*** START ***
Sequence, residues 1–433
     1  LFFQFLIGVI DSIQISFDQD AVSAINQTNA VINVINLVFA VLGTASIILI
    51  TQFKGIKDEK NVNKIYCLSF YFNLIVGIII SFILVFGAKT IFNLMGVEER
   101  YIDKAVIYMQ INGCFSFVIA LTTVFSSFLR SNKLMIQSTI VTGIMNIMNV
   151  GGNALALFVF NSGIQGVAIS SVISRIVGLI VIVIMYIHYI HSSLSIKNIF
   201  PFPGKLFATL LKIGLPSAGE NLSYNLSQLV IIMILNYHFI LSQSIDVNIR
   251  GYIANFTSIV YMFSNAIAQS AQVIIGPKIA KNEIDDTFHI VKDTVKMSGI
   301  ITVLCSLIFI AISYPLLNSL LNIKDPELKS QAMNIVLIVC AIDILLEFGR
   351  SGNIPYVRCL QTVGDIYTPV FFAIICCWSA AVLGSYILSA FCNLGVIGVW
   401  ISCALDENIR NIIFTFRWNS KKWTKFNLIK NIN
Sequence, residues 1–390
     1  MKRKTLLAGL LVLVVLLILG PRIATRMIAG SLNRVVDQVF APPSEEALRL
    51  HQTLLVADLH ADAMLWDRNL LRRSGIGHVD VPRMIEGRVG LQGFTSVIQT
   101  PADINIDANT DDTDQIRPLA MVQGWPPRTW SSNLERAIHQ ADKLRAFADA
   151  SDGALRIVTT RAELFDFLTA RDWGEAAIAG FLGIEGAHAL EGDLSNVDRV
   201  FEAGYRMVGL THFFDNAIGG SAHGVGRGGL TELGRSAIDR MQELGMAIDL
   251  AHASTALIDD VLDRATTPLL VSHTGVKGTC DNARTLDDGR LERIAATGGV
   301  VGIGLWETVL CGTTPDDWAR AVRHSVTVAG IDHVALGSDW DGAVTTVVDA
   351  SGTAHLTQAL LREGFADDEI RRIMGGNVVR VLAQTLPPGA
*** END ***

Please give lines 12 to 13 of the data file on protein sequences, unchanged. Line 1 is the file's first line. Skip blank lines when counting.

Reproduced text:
     1  MKRKTLLAGL LVLVVLLILG PRIATRMIAG SLNRVVDQVF APPSEEALRL
    51  HQTLLVADLH ADAMLWDRNL LRRSGIGHVD VPRMIEGRVG LQGFTSVIQT